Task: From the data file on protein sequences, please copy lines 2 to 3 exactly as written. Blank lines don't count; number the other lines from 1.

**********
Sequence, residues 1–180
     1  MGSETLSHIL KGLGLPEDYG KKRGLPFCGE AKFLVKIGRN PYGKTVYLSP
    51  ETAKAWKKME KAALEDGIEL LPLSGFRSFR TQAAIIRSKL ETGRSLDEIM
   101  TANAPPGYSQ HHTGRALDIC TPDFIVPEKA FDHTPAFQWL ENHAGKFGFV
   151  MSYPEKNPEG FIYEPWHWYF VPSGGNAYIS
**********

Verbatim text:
     1  MGSETLSHIL KGLGLPEDYG KKRGLPFCGE AKFLVKIGRN PYGKTVYLSP
    51  ETAKAWKKME KAALEDGIEL LPLSGFRSFR TQAAIIRSKL ETGRSLDEIM